When I was pregnant, the concept of breastfeeding was not one that I was comfortable with. The “girls” had always been reserved for my husband and I was in no hurry to add another customer into the mix. Plus, the descriptions found in how-to blogs and articles made me cringe at every direction. “Tease his/her lower lip with your nipple.” “Let his/her tongue massage the areola.” Uh, yeah, no thanks. Was this my first interaction with my newborn or an episode of the Red Shoe Diaries? The whole thing seemed certifiably creepy. Not to mention the pre-pregnancy feeling I had gotten when witnessing others breastfeed in public. Yeah, ma’am, could you kindly put your sex organs away? I didn’t come for the live show.
Nevertheless, I had every intention on breastfeeding, simply because I was well-versed in the benefits it provided for both me and the baby. I knew it was the best way to provide her with the antibodies necessary to guard against infection and I knew that it lowered my chances for certain forms of cancer. Last, but certainly not least, I knew that the ladies looked phenomenal, and I didn’t hate the idea of those milk-filled fun bags hanging around for another year. After all, in the wake of the horrors of pregnancy and childbirth, my husband deserved some kind of reward, didn’t he? So breastfeeding remained firmly in my plans. I just wasn’t happy about it.
Then something funny happened. Somewhere between being sliced open on the operating table and holding my baby for the first time, I got this itch. I wanted — no, NEEDED — to have her latched onto my boob. I kept asking the doctors when I’d be able to breastfeed her. It was an insatiable urge that would only be satisfied by the suction of a tiny human. It came out of nowhere and thoroughly caught me by surprise, though I chalked it up in large part to the influence of morphine. Only once I was discharged and the IV of drugs had long since been removed (tear), I still felt the same way. I even found myself balking when my husband would suggest offering her formula so that I could have a beer (mmm beer). I’m sorry hubs, I can have a beer (possibly even two) and still breastfeed. That’s why I bought the Milkscreen alcohol detection strips. In bulk. And sure it may be “frowned upon,” but if I happen to be a tad bit above the recommended limit, I’m sure it’ll just act as an effective sleep aid. Kidding, of course. Sort of.
Point being, somewhere between seeing and holding Brooke for the first time, I fell in love with breastfeeding. There’s something remarkably powerful about being able to provide for your child the only nutrition she could possibly need, and there’s something even more powerful in the look behind her eyes as she gazes into yours during a feeding. It became a time of bonding…and by that, I mean a time where I could surf Facebook on my phone uninterrupted. And yes, hormonally-induced or not, the act was accompanied by those same feelings of affinity and attachment that I had read so much about throughout the course of her gestation. All of those silly and now seemingly petty concerns that I previously had vanished before my OBGYN had even had the chance to sew me up. In my fight against nature and all of the women before me who had succumbed to it, I had lost. Maternal instinct by TKO.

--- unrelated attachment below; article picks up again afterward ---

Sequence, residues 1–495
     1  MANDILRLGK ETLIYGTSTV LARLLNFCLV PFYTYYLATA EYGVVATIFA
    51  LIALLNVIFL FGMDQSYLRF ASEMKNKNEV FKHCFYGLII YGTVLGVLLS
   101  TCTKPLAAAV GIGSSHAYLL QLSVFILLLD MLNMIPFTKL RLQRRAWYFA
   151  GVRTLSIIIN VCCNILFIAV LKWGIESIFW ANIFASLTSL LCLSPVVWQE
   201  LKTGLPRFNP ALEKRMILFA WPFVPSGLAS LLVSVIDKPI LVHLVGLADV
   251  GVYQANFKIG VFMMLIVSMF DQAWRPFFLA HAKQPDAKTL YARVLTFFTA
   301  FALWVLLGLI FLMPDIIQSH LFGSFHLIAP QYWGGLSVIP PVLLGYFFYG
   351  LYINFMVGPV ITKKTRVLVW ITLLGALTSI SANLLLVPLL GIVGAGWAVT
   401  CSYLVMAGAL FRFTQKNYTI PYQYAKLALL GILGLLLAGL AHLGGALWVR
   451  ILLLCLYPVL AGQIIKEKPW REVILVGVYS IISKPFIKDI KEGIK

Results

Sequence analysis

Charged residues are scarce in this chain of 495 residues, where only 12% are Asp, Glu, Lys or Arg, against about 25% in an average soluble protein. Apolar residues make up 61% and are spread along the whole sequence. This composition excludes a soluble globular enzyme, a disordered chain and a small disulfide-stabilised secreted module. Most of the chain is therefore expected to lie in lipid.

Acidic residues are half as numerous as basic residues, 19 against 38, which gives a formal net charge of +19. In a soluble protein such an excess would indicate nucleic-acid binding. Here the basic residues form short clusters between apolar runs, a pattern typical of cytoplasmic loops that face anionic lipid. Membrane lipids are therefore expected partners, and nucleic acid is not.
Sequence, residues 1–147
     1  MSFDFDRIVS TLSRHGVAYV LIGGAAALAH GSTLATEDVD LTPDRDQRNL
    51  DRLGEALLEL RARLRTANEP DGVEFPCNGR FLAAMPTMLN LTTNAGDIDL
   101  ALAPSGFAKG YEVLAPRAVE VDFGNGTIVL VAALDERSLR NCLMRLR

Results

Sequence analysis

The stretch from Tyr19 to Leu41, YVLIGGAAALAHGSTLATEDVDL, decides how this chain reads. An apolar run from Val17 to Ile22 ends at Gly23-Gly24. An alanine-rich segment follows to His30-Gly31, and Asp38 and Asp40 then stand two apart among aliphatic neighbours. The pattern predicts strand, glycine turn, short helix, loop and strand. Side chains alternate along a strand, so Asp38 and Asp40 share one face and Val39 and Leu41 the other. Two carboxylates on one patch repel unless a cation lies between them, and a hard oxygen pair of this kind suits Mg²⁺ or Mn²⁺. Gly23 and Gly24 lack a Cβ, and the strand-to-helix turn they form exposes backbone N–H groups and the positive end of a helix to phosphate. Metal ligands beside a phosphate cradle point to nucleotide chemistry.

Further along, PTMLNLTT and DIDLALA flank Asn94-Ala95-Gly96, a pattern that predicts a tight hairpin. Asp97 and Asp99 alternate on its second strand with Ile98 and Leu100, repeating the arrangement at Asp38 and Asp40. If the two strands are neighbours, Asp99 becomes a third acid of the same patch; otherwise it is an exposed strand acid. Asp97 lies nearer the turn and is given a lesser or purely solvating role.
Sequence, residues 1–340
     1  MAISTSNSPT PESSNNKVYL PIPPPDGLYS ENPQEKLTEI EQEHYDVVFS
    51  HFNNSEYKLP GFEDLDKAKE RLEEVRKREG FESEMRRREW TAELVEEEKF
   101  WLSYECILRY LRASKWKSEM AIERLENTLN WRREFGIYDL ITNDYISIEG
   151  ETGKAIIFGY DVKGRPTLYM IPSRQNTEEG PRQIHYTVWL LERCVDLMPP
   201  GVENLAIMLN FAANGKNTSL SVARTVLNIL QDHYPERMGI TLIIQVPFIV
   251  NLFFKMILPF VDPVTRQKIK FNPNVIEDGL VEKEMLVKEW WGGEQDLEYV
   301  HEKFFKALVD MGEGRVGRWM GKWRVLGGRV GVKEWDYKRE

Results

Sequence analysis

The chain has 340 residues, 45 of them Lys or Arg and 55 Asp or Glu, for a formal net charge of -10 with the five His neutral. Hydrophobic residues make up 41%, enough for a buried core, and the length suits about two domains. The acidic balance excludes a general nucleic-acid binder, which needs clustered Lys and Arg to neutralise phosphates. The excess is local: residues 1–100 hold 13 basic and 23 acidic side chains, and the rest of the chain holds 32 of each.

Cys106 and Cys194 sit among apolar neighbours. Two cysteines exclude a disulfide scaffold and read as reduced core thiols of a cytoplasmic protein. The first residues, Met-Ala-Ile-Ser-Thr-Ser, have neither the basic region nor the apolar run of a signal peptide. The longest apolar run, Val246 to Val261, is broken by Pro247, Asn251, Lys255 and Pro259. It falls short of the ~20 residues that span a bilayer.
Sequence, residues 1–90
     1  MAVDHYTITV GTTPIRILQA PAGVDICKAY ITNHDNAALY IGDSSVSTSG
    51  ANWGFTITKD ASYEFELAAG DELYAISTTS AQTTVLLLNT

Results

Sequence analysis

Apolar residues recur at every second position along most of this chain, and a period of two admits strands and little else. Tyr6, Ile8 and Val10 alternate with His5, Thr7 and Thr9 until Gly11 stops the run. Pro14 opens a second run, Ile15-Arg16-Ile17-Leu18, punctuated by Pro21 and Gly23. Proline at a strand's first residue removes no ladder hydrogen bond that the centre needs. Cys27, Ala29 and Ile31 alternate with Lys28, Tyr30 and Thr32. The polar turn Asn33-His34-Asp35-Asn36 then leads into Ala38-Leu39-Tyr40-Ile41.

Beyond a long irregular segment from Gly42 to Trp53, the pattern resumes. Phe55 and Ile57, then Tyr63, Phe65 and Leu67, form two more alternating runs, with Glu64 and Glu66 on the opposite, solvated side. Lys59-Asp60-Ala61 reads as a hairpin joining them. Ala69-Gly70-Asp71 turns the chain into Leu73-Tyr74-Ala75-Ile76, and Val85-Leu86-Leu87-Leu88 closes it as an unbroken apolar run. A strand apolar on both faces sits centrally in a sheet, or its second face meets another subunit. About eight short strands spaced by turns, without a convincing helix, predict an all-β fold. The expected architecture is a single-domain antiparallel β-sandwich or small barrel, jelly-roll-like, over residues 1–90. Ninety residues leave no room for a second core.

Now, that’s not to say that the experience has come without its challenges. In the early stages, my nipples were devoured with such ferocity that I was convinced that I hadn’t given birth to a human, but to a very human-like velociraptor. My nightmares those first couple weeks featured Jurassic Park on loop. And the growth spurts? Each time she hits one, I’m convinced that she’s possessed. Either that or she’s auditioning for a role in the latest Jaws movie, with the amount of thrashing she does at the breast. Still, each day is a little less painful than the last and only reinforces my belief that I made the right choice in how I’ve elected to feed her.
Before I continue, I want to make one thing clear: there is nothing wrong with formula feeding. I respect the decision that each mother makes in deciding what’s best for her respective family. I just want those pregnant women who are apprehensive about breastfeeding or those new moms who are in those tough early stages to know that it does get better and that the benefits you will reap will more than justify the obstacles you have to surmount. This has been a surprisingly rewarding experience, and I’m shocked to find myself on the same page as all of those mothers whom I previously thought I’d never understand. Seriously, the next time I see a woman who’s treating the mall like a trip to Mardi Gras, I’ll be the first to toss her a strand of beads in a showing of solidarity; though I think I’ll stick to covering up myself. For now though, I’ll continue to thank the milk Gods for making this such a seamless transition for us both and enjoy the benefits that come from sharing this experience with my daughter. Until she starts walking, of course. Then I’ll have to wean, because having a walking human on my breast is a concept that I am simply not comfortable with.
Though I’ll be happy to be proven wrong once again.